DT 26: 4-10
PS 91: 1-2, 10-11, 12-13, 14-15
ROM 10: 8-13
A colleague of mine runs an annual program called “Atheism for Lent”; not exactly what one would expect of a minister running a church-based program! His point is not that people literally “give up God for Lent,” but that they allow the most important critiques of religion to “test” our faith, burning away impurities and leaving behind a more serious and mature faith, like refining ore to get down to a pure sample of metal.
It is no coincidence that during the 40 days of Lent we read about Jesus’ 40 days of testing in the desert; this scene comes immediately after Jesus’ baptism, at which he hears the words, “You are my beloved son; with you I am well pleased (LK 3:22). Whatever Jesus might or might not have known about himself by that point in his life, that sort of moment demands some unpacking. Hence, the testing in the desert – less “temptations” than tests, in the sense of proving the solidity of his understanding of God and his commitment to that God.
Twice the tempter begins his test by saying, “IF you are the Son of God…”; that does not sound to me like doubt about WHETHER Jesus is the Son of God, but what it means for him to BE the Son of God, and indirectly what it means for God to be God. After a long fast, the temptation is to make stones into bread, because ‘if you are the Son of God, you should not be hungry.’ The implication of Jesus’ response is, ‘I AM the Son of God, but that does not mean I will always be well-fed and taken care of.’ Similarly, the third test is for Jesus to rely on angels to save him from bodily harm, because ‘if you are the Son of God,’ you should be invulnerable. Again, the implication of Jesus’ response is, “I AM the Son of God, but that does not mean that I will always be safe.”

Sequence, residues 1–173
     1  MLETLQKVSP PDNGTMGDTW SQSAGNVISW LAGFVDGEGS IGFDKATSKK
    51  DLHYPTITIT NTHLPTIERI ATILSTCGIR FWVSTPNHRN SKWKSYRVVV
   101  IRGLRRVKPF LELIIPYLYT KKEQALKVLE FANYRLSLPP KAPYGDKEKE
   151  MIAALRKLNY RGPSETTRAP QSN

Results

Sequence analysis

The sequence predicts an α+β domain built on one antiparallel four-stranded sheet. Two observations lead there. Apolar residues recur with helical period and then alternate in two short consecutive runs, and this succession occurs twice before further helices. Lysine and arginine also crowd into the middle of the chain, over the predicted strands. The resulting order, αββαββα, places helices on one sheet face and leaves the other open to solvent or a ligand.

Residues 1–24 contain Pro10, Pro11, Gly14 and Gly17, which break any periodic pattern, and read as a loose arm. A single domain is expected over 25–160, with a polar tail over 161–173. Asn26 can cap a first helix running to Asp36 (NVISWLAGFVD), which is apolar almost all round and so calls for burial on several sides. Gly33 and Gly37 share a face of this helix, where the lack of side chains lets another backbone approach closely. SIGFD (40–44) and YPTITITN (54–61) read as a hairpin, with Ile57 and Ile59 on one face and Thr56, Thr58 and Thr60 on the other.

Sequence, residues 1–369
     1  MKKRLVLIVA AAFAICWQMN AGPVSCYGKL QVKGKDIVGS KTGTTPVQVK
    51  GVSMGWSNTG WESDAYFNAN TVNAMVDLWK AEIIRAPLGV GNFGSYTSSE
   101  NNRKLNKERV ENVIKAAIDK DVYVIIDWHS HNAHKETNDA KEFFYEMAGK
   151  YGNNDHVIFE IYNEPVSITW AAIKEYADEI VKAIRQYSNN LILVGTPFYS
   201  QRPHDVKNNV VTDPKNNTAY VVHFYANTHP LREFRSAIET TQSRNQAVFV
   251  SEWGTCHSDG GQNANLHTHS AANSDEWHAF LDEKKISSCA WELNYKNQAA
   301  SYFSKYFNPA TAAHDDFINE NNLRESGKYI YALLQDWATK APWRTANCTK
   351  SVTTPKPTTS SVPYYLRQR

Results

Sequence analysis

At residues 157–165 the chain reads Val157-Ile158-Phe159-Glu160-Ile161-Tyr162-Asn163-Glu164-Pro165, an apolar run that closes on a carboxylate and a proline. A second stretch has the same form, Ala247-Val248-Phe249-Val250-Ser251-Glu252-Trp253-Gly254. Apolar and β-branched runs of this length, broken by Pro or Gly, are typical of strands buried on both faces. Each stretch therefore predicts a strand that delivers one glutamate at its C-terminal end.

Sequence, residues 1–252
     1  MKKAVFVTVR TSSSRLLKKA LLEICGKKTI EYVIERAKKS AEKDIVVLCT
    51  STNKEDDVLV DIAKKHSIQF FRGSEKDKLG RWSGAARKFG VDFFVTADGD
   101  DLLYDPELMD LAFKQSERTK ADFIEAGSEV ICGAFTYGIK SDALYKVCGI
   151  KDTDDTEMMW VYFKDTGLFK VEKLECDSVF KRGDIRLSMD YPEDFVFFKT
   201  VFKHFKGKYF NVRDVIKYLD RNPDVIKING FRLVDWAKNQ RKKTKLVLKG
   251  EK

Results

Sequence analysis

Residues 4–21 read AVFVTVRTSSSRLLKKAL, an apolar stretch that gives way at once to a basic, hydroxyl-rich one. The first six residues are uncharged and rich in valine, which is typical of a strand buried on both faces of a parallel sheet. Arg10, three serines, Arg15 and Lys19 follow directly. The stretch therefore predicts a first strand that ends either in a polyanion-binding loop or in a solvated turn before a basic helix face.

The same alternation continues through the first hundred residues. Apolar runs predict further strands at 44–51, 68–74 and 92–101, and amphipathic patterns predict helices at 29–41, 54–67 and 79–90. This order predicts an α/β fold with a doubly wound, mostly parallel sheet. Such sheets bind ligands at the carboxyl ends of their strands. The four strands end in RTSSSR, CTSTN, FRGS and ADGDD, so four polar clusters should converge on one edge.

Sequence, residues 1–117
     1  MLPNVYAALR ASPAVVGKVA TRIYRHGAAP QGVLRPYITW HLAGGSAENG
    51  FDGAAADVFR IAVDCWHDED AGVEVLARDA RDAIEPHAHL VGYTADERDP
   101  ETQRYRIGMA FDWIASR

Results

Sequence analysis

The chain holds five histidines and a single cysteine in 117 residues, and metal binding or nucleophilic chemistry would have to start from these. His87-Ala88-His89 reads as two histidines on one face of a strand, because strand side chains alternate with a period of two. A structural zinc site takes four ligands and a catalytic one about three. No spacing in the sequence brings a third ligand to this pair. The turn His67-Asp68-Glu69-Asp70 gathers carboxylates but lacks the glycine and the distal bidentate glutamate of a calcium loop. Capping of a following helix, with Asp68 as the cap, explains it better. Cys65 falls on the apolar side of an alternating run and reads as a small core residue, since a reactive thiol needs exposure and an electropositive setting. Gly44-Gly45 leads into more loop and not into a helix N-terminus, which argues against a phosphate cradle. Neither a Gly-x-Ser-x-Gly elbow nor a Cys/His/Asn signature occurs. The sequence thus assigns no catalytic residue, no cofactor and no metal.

From a certain angle, the tempter’s tests make sense: if God is the all-powerful King, and Jesus is the son of that God, Jesus should live like royalty. But what if Jesus is the Son of a different kind of God? If Jesus is vulnerable, able to suffer, moved by the pain of others, but God is all-powerful and above suffering, then Jesus is not actually what God is like, which would be pretty misleading. What if God is less properly understood in terms of power and invulnerability and better understood in terms of solidarity with the marginalized?
We all want safety, security, to be well-fed and properly thanked for our efforts; there is nothing magical about any of that. But any number of examples throughout our history, right to the present moment, demonstrate the riskiness of being a part of God’s family. Of course we too often collude with the powers that be, make God look like just a bigger and stronger version of the powers that be, imagine God on our side destroying our enemies or at least clearing our path. That is the tempter’s vision of God, and it is indeed tempting – so much so that I imagine most of us have given in often enough to the impulse to favor security over sacrifices.
One way we might imagine Jesus’ relationship to God is that Jesus does not go scrambling towards what we WANT God to be like, a God of security and power. Jesus acknowledges his limitedness and vulnerability in the context of his proclamation of the reign of God, whereas we so often expect our religion and our world to provide us all the things that Jesus clearly did not expect: absolute certainty, security, popularity, success.
This season, as we consider what we give up each Lent, consider the value of giving up God-images which no longer bring life in favor of more mature and serious models of relating to the God who calls us to justice.